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Medical Qigong for the Heart: Part III
Part 1 and Part II of this series focused on the physical aspect of the Heart and mental emotional aspects of the Heart respectively. Now, I would like to focus on the spiritual aspect of the Heart.
CCE Finally Takes a "Baby Step" Toward Reform
During a 16-month period from October 2010 to February 2012, I devoted four separate columns to the heavy-handed attempt by the Council on Chiropractic Education to radically change the chiropractic profession through the accreditation process.
Pain Underfoot: Metatarsalgia
Foot pain can interfere significantly with normal activities and severely limit participation in sports. Metatarsalgia is foot pain involving the metatarsal bones in the forefoot – the complaint of pain on the bottom of the ball of the foot.
A Guide for Talking to Doctors about Acupuncture and Brain Chemistry
Before I begin any discussion of how to talk about the effects of acupuncture on brain chemistry, nervous and endocrine function, it is essential to understand just what physicians most need help with.
Don't Turn a 2 Into a 10
The Wong-Baker FACES Pain Rating Scale1 is so useful because it can be used by almost anyone. Patients can use the numbers associated with the faces depicted on the scale or select the face that demonstrates their current level of pain from 0-10.
Finders Keepers: The Secret to Relationship-Based Marketing
Becoming a successful practitioner has less to do with what you learned in school, and more to do with your ability to find new patients and keep them!
9 Common Causes of Thyroid Imbalance and How You Can Help
How you sleep, how easily you wake up, and how much energy and stamina you have during the day are directly related to levels of the thyroid hormones.
Building From the Bottom Up
I caught up with my dear friend Honora Wolfe, in her Colorado painting studio where, if she is not praying in Bhutan or doing charitable work in a Nepali free clinic, she spends most of her time now.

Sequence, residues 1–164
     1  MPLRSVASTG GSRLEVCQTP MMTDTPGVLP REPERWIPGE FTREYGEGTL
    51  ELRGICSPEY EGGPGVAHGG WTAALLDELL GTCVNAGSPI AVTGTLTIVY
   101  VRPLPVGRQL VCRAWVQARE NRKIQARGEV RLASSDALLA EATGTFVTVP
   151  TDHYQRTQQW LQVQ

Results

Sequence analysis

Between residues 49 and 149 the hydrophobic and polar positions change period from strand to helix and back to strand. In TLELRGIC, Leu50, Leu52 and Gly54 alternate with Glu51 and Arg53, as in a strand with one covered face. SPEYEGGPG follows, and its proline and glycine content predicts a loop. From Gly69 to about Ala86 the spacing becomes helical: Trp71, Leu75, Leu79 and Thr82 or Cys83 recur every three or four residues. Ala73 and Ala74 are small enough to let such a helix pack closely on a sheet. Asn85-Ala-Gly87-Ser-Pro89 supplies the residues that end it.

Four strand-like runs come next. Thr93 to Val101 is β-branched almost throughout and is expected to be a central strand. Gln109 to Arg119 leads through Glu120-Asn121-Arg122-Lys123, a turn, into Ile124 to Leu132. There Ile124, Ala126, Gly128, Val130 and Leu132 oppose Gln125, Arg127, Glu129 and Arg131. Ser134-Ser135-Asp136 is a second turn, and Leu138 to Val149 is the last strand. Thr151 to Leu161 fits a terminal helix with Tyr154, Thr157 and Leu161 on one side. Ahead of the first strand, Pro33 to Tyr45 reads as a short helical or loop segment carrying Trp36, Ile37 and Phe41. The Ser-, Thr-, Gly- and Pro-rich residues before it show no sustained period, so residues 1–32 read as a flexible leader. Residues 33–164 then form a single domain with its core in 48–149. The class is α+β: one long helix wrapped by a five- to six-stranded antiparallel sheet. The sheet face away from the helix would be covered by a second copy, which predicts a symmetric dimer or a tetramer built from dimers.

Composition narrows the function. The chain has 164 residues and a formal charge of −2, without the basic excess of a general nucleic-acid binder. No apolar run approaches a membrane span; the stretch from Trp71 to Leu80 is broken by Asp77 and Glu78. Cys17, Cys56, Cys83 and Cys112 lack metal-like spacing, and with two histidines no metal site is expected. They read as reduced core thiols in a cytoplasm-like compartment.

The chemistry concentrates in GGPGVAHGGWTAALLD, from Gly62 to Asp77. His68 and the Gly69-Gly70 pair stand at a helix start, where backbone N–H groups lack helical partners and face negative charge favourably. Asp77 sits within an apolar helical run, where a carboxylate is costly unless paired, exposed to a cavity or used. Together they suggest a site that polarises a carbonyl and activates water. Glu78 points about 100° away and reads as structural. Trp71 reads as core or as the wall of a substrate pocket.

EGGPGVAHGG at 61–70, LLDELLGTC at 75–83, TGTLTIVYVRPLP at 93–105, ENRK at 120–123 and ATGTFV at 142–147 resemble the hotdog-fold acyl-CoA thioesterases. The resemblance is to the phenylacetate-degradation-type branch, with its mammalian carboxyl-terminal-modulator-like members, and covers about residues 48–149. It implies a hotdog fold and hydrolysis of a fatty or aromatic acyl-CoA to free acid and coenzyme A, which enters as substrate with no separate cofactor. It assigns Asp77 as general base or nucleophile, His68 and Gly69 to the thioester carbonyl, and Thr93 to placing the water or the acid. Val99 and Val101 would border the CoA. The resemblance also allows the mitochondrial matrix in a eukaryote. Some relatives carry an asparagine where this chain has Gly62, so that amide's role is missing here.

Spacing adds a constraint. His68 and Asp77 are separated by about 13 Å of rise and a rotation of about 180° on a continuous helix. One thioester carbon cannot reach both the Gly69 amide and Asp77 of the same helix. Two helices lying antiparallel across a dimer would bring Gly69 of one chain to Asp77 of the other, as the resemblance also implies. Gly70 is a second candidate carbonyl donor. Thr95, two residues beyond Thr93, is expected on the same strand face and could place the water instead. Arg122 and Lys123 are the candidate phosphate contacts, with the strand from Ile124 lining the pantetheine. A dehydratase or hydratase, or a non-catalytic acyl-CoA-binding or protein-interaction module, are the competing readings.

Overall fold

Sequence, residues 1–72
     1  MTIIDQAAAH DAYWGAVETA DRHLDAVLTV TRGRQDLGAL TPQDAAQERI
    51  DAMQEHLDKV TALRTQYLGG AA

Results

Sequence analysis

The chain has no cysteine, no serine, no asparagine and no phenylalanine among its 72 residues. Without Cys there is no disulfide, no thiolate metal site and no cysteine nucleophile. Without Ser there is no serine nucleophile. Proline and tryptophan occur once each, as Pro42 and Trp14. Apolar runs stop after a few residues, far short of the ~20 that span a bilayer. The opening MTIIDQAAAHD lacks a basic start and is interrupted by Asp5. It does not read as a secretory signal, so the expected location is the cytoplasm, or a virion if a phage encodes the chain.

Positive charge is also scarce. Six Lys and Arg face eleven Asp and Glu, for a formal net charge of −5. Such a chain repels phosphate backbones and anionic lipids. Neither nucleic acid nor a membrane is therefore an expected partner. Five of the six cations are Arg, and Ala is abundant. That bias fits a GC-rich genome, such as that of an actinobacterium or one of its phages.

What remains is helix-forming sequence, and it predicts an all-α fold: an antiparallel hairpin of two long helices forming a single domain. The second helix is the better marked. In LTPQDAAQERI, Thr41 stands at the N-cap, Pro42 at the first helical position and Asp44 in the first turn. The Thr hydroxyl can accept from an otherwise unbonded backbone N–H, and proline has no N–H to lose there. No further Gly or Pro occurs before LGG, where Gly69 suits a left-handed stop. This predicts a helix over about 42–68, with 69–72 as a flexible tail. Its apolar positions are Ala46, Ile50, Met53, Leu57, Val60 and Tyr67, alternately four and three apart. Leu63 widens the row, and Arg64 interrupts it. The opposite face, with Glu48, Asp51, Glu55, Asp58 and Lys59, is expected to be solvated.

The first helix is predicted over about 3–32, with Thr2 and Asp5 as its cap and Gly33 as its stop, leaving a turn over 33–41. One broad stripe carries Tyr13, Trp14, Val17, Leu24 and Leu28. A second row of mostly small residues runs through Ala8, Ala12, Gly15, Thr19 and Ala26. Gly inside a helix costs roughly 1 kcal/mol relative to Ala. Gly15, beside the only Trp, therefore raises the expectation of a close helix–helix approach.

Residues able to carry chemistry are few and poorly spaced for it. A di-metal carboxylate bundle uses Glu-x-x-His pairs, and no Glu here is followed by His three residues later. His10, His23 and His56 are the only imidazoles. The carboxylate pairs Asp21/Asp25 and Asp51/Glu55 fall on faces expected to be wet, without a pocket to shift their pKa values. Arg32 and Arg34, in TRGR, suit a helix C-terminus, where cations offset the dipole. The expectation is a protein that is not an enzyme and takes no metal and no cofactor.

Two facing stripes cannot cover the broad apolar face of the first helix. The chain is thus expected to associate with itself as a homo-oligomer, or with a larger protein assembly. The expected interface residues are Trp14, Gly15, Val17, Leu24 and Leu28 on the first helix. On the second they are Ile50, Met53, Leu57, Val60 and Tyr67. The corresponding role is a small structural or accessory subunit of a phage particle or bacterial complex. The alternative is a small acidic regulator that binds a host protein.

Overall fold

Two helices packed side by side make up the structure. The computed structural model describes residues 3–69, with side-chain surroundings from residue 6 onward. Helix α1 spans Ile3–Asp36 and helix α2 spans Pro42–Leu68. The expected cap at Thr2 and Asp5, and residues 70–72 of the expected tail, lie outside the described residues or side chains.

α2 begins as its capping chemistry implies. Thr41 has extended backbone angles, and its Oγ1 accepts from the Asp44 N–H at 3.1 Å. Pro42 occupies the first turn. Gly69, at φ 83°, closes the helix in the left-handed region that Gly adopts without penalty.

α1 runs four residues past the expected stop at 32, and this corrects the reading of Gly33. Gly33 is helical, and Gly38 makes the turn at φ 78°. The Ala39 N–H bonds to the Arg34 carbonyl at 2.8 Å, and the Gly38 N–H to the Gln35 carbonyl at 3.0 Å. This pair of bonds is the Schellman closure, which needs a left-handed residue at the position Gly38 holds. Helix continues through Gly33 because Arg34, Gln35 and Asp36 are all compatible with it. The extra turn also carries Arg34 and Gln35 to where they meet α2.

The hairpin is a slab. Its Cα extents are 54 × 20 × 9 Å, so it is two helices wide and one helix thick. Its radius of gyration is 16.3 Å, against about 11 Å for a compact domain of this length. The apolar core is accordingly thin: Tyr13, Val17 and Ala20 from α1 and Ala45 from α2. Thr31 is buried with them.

Chiropractic Research in Review
Chiropractic Treatment of Lateral Epicondylitis; Cost / Benefit Analysis: Different Doses of SMT for Low Back Pain; Imaging for Occult Rib and Costal Cartilage Fractures; Treating Neck Pain: Thoracic Thrust Manipulation vs. Non-Thrust Mobilization.
New Medical Technologies You Need to Know
We're all familiar with how fast computers become obsolete, as well as the rapid pace of development in the field of cell phone technology. The latest smart phones are far more powerful than desktop computers were only a few years ago.
News in Brief
National Chiropractic Health Month: Be Proactive; Collegiate Roundup: Academic Appointments at Parker, Logan.
A History Worth Telling
The popularity and the use of acupuncture for the treatment of animals in the United States is at its peak.
A Vibrating Capsule for Constipation? Relevance to Your Chiropractic Practice
The relationship between gastrointestinal (GI) complaints and back pain is not typically written about or discussed.
Why Young People Need Chiropractic Now More Than Ever
According to a recent study published in BMC Musculoskeletal Disorders, "It is now widely acknowledged that neck pain (NP), mid back pain (MBP), and low back pain (LBP) (spinal pain) start early in life and that the lifetime prevalence increases rapidly during adolescence to reach adult levels at the age of 18."
Waking Up the Gluteus Maximus
In previous articles in this series, we expounded on the importance of the gluteus maximus (GM) in athletic performance and protecting the knee from injury. We also know there is a link between iliotibial band syndrome and GM weakness.
MPA Media Wins 7 Publishing Awards
MPA Media, publisher of Dynamic Chiropractic and DC Practice Insights, among other titles, has been recognized for editorial and design excellence with an unprecedented seven publishing awards by the American Society of Business Publication Editors (ASBPE), the nation's largest organization for business-to-business publications.
Peer Points: Always Seeking To Grow
Ellen "Kiki" Geary has spent the last decade honing her craft. As a specialist in integrative holistic care, she went straight from completing her master's degree in acupuncture and chinese herbal medicine from Bastyr University to building a successful and thriving practice in the small community of Anacortes, Washington.
August, 2012, Vol. 12, Issue 08
The Importance of Water, Part 1
By Ben Benjamin, PhD
Co-authored by Lois Orth-Zitoli
Most of us are aware of the importance of drinking water. Water is second only to air in importance for life. We can survive many days or even weeks without food, but we can only survive a few days without water.Getting your daily requirement of water helps your organs function, keeps your skin clear and hydrated, and supports the body's digestion, assimilation of nutrients and elimination of toxins. It also makes your body less vulnerable to injury. Unfortunately, the body's need for water and its importance for health are often overlooked. Your water intake is critical to good health. Let's explore the many functions of water in the body and give you supportive information to use and share with your clients.